Want to learn how to modify child custody in Florida? This article details a few circumstances that may give you the opportunity to change your child custody agreement.
Most of us don’t know what we will be doing next week, let alone in the next five or ten years. Since we cannot know with absolute certainty what we will be doing in our own lives, we cannot predict how child custody arrangements may play out. If you are divorced and have kids, the child custody agreement that you have at the moment may not always meet your needs or your child’s.
In Florida, divorced co-parents can petition the courts to modify their custody agreements. Here are a few scenarios that may allow you to make changes.
When is changing child custody in Florida possible?
When the court originally ruled on your custody arrangement, it did so with several factors in mind, all with the goal of serving the best interest of the child. From your child’s age and the living situation at your home and your ex-spouse’s home to each parent’s ability to provide for them, the decision used your child’s well-being as a barometer.
These factors, however, may have already changed, or they may change in the future before your child reaches 18. To account for these changes, you may need to ask the court for accommodation.
You may be able to change your agreement in these scenarios.
Don’t know how to modify child custody in Florida? Get in touch with the Law Offices of Granda & Associates, P.A. today.
Both Co-Parents Agree to the Changes
Many times when both parents agree to the proposed changes, the courts will grant them. You and your ex-spouse should speak to your respective attorneys about drafting a new custody agreement.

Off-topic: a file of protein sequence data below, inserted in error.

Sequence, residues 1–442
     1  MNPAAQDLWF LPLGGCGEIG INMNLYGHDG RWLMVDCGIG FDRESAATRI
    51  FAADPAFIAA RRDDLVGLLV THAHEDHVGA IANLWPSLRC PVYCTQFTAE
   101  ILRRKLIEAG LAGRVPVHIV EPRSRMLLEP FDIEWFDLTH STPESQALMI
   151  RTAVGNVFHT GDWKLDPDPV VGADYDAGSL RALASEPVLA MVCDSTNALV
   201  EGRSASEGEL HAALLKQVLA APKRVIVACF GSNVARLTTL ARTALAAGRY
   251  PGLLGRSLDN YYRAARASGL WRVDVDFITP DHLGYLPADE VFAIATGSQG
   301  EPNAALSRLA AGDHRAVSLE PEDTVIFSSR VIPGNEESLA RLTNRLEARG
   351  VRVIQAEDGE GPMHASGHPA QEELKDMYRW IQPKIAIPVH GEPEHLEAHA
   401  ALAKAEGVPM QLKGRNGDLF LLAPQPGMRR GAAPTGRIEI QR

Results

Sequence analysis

Unfortunately, agreement can be difficult after divorce. If your ex-spouse does not agree to the changes you want, you may still have options.
A Substantial Change in Circumstances
If you have experienced a substantial change in circumstances, the court may consider modifying your agreement. However, you will need to provide evidence.
What the court considers a “substantial change” depends on the judge’s interpretation. A few common examples may include illness, injury, or addiction that prevents one parent from caring for the child.
The court takes domestic violence very seriously. If either you or your child have experienced violence from your co-parent, you may qualify for emergency relief. You should speak to an attorney about how to modify child custody in Florida in cases of domestic violence. In some cases, you may be able to win full custody of your child.
Talk to an Attorney about How to Change Child Custody in Florida
The challenges you face when trying to change your child custody arrangements depend on your circumstances. If you need help, please do not hesitate to contact the Law Offices of Granda & Associates. We are here to help in whatever way we can.